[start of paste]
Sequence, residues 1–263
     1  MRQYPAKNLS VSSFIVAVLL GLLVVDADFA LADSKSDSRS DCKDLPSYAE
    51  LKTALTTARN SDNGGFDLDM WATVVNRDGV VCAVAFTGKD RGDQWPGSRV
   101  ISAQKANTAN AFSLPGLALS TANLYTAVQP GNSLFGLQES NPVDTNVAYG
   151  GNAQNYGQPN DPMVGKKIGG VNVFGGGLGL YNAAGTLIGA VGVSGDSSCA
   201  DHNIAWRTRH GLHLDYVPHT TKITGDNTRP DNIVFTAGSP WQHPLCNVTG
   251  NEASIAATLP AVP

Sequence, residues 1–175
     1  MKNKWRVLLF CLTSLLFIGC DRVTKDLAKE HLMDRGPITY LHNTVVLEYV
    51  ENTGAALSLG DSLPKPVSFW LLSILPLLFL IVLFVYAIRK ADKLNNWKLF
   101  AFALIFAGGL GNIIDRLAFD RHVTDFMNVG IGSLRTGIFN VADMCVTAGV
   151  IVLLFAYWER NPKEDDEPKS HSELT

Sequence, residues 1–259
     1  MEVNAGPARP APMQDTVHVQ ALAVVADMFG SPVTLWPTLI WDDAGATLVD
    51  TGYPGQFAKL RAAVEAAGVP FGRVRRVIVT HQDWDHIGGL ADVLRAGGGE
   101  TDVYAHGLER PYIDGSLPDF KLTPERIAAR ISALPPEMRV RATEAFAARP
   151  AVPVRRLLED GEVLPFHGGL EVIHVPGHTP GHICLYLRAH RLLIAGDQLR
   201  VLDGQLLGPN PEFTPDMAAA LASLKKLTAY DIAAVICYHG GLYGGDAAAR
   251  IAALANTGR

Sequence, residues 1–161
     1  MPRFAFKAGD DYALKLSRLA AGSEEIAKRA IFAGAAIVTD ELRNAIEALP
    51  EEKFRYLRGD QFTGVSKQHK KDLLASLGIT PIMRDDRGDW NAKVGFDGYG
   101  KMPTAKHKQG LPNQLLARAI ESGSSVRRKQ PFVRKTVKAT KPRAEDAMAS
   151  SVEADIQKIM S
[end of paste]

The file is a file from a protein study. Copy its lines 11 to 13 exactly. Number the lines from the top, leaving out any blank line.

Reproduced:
   101  AFALIFAGGL GNIIDRLAFD RHVTDFMNVG IGSLRTGIFN VADMCVTAGV
   151  IVLLFAYWER NPKEDDEPKS HSELT

Sequence, residues 1–259